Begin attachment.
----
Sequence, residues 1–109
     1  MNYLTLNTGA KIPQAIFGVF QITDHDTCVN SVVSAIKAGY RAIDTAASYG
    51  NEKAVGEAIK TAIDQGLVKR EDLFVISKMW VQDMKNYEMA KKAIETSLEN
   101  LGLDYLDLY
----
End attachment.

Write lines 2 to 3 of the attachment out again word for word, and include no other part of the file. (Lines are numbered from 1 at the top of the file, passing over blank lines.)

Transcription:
     1  MNYLTLNTGA KIPQAIFGVF QITDHDTCVN SVVSAIKAGY RAIDTAASYG
    51  NEKAVGEAIK TAIDQGLVKR EDLFVISKMW VQDMKNYEMA KKAIETSLEN